Sunday, May 15, 2011

Two Ways of Looking at That

 You have just come away from the final session of a weekend writing seminar, given in tandem with the literary agent, Toni Lopopolo, starting Friday afternoon, nine in the morning until eight thirty yesterday, and nine this morning until five.  Appropriate breaks for coffee and meals.


Eager--perhaps even impatient--for some sense of change, some tangible way to engage students to the point of provoking a deeper understanding of the writing craft, you came up with a exercise in which each participant was to rewrite the opening chapter of a work in progress from the point of view of another character.  This is one of your "secrets," although you cannot claim credit for originating it.  You have used it yourself when a particular scene felt soft, inconclusive, non-electric.


The results were uniform in their electrifying results, causing one participant to switch the point of view focus and another to switch focus from the individual he supposed was the protagonist.


Naturally we compared both versions.  Part of the discovery from the participants was valuable information they hadn't exploited about characters other than their main narrator.


Fiction is growing more dramatic; scarcely a genre emerges as a seemingly flat presentation of narrative information.  Of course fiction from earlier times was dramatic, even intimate, but there was a notable distance between reader and writer, even in such experts as George Eliot and Henry James, each of whom, it seems to you, more or less argued and described their entry into the skins of their characters, then presented the characters to the reader via devices that were more rhetorical than psychological.


It is one thing for you to attempt such things yourself, quite another to toss off the invitation to another writer to try another draft.  But all were willing and all quickly became energized by the results to the point where yesterday they wished to quit earlier than planned because the discovery had been so emotionally draining.  "So," one of them said, "this is what you're talking about when you say writing is hard work."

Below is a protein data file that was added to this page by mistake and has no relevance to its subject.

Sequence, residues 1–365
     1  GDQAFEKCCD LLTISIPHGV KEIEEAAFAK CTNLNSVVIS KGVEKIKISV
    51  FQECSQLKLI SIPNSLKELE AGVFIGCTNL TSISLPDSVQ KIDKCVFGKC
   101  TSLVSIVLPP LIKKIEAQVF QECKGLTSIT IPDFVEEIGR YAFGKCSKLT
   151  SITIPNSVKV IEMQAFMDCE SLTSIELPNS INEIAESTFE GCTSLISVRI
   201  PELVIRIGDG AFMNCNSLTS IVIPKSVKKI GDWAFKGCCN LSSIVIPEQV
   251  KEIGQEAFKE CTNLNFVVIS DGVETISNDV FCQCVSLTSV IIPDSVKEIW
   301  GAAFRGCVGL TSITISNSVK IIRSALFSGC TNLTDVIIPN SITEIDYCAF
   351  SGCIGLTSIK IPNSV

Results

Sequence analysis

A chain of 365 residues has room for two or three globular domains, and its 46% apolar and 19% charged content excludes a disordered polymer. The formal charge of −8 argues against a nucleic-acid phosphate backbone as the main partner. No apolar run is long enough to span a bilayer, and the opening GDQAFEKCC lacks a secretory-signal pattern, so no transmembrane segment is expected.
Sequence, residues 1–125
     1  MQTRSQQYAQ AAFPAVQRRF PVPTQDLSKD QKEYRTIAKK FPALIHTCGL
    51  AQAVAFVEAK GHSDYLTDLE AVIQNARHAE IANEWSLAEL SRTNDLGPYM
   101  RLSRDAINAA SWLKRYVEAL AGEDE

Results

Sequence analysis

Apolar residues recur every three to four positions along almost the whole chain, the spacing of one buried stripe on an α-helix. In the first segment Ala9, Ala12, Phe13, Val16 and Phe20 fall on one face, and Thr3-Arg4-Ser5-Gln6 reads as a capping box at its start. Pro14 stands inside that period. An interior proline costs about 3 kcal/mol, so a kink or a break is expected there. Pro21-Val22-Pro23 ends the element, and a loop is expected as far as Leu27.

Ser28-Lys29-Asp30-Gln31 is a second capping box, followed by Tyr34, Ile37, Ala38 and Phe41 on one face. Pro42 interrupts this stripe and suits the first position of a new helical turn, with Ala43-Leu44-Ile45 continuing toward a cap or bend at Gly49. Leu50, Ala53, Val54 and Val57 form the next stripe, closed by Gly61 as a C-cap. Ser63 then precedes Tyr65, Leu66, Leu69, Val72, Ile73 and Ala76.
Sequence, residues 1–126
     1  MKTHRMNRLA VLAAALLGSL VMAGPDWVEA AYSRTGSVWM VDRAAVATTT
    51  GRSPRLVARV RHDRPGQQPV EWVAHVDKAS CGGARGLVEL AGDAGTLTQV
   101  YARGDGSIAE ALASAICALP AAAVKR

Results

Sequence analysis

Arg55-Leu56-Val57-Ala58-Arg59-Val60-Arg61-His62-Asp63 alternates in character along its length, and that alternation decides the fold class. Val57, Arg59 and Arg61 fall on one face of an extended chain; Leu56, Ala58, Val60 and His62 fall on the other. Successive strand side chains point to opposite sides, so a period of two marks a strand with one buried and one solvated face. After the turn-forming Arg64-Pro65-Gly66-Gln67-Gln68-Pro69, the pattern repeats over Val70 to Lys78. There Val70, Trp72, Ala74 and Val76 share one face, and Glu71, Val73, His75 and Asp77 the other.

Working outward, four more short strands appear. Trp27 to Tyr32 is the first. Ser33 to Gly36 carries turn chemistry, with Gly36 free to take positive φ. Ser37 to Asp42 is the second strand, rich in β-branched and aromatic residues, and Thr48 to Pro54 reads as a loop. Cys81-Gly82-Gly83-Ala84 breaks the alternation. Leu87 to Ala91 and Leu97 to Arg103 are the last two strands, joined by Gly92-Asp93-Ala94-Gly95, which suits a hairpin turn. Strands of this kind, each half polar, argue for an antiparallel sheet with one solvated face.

It is so, and you do take care to express it that way, using the work hard rather than difficult, the distinction for you being that it is fun at the same time it is hard.  Difficult connotes to you the ongoing sense you had when you as a young student were presented with the mechanics of long division.  There was indeed a time when writing was hard because you had so many inner editors and lack of confidence when it came to such basics as spelling and verb tenses.  Then it switched before your eyes from difficult to hard, and you knew you had found a calling.  At least, you knew you had found a way that called to you, with no promises, no guarantees.  In fact, at first, after determining through strategic questions that some writers could indeed make a living from writing, you despaired of ever being able to make enough to be considered a living.  And at first your standard of living was such that a big night on the town was having enough money for a cup of urn coffee at a neighborhood coffee shop while your more sensible friends indulged such extravagances as hamburgers, egg salad sandwiches, and that oddity that swept through your group of friends, the lettuce and tomato sandwich on wheat toast.  At some point, your sensible friends tired of their jobs, went to law school, or set sail into Ph.D. programs whence they could teach and research.


Had you been more sensitive to such things, you might have picked up on the practicality of trying on various points of view earlier in your career.  Even as lawyers and doctors (medical and scholarly), they grew dissatisfied and returned to writing, sending into effect that glorious irony of you thinking your practical friends had taken a more sensible approach to real career and your sensible friends, inflating the effects of some of your early  publications beyond any sensible measure, looked upon your path as the one they wished they'd taken.

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